Well, that sucked.

Yesterday, I had to attend another funeral.  I may or may not have mentioned previously that, for most of my pregnancy, I was a full-time caregiver to an elderly family member with fairly advanced dementia.  My ‘contract’ ended at the end of October, a few short days after Brock’s stillbirth, when we moved back to our hometown.  About three months after we ended that arrangement, she was admitted to the hospital by her new caregivers for various ailments.  One thing led to another, and she didn’t end up making it back out.

I knew going into the funeral that it was going to be tough.  It was held at the same funeral home where Brock’s service was held, back in the town we lived in during my pregnancy, and, as much as I might not want it to, that building now hosts a lot of bad memories.  The staff, especially the owner, were absolutely amazing to us when we had Brock’s visitation there.  He let us use the home at an absolute minimum cost, only requiring us to pay processing fees and mandatory expenses.  He was extremely kind and empathetic in our time of need, and even though it is never easy to put a child to rest, his sensitivity and attention to detail made it a little more bearable.

I was okay, on a relative scale, for the first little while, but things got worse quickly.  We arrived early so that we could quietly say goodbye to her and try to gauge our emotional response to being back in that place so soon, and hopefully figure out how well we were going to be able to handle the service.  We went and paid our respects to her, then mingled with some of our other family members who were present.

As time progressed, I started to get more and more anxious.  Being in that place again less than four months later, and already pregnant with another child (although most people in attendance did not know that), ended up being pretty tricky to process.  I started to get frustrated with myself because I was not even a little sad about the passing of this family member; she had lived an extremely long, full life and her life had ended in very little suffering.  Being there made me think of Brock, and how he didn’t get the same luxuries.  He would never live to be almost 94 years old, and quietly die in a hospital after almost a full century of watching the world change: his life ended before it got to begin, in a terrible way and for a stupid reason.  I felt bad about not feeling bad, and I felt selfish and petty for letting my own problems get in the way at someone else’s funeral.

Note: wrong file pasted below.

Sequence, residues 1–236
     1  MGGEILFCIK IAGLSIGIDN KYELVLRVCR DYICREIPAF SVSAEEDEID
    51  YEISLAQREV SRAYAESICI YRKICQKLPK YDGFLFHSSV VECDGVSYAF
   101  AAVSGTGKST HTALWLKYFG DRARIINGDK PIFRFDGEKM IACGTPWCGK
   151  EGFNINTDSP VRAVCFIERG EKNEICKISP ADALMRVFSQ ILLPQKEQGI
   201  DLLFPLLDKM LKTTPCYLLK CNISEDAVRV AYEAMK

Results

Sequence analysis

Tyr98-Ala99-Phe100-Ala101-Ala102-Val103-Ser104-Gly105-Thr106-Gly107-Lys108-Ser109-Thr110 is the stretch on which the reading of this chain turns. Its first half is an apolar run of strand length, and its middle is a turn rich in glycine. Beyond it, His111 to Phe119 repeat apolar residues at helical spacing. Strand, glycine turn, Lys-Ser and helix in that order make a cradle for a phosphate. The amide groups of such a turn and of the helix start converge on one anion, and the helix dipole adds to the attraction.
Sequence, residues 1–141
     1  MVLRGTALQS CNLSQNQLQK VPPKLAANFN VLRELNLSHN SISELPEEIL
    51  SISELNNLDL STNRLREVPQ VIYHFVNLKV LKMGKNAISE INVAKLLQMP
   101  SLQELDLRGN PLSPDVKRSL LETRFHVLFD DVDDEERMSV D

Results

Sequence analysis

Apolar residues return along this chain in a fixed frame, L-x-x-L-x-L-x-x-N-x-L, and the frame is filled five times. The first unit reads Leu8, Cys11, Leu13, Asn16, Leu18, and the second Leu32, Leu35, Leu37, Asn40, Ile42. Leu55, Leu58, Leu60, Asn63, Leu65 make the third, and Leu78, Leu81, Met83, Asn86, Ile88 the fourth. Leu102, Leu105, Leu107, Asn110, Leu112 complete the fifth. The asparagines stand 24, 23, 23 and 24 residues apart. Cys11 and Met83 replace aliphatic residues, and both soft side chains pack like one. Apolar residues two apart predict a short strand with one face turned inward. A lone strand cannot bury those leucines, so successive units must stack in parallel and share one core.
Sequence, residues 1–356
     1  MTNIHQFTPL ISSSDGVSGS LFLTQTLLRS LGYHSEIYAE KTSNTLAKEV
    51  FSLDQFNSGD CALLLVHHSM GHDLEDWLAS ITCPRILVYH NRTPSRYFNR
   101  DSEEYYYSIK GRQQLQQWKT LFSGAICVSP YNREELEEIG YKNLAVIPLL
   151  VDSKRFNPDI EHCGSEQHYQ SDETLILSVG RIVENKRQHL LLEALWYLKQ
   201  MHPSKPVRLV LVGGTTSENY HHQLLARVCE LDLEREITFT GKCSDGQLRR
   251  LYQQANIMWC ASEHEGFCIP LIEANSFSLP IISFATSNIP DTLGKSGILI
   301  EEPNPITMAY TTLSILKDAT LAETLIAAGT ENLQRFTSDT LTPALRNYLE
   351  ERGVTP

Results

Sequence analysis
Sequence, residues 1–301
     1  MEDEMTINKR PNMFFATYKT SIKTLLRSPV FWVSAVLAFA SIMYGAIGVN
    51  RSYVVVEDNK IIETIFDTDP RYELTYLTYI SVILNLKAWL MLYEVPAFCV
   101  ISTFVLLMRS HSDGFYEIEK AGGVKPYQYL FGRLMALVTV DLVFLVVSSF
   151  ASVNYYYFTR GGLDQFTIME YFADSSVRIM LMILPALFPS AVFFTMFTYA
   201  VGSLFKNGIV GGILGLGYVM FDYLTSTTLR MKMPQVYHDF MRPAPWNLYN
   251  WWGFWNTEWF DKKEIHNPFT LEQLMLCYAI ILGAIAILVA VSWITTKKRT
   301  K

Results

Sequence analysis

Then my nephew showed up with his parents.

My nephew, with the name I had wanted to give to my son (but they just happened to land on it first), who was only supposed to be two months older than our son.  Since he was premature, he is already nearing 7 months old.  I watched him try to flip pages in a photo album and eat berries and pieces of banana out of his mother’s hand (he would also occasionally try to eat the bag if she took too long to procure the next piece).  I wondered what Brock would be doing if he were here, since he would be only a day shy of four months old.

At some point, one of the grandparents introduced the baby to a couple of attendees as their grandson, and something in me broke.  I left the room too quickly, and spent the next 20 minutes crying in our car.

Brock is their grandchild, too.  I am a mom, and my husband is a dad.  Our nephew is his cousin, and his cousin’s parents are his aunt and uncle.  Just because he is not here doesn’t mean he didn’t exist.

At the same time, it’s not as though I can force people to acknowledge Brock.  The fact of the matter is that things we can’t see tend to avoid being brought up.  I couldn’t run around for the rest of my life, introducing my living children to people, and then also say “I also had a son before them, but he died.”  That wouldn’t make him any more tangible to them; he will always be a piece missing from our lives, but you cannot miss something that you have never had.

Nonetheless, part of me just wanted to yell, for the whole funeral home to hear, “They have two grandsons, by the way.  We’re parents, too.  Ours just happened to die.  We didn’t do anything wrong, and we would have been great parents, but life is unfair sometimes, so they get their baby and we don’t.”

We left shortly afterwards, after I regained my composure and we said goodbye to a few important attendees.  I spent the rest of the day feeling emotionally drained, thinking about how much I don’t want to spend the rest of my life mourning Brock’s passing.  Unfortunately, we don’t always get what we want.


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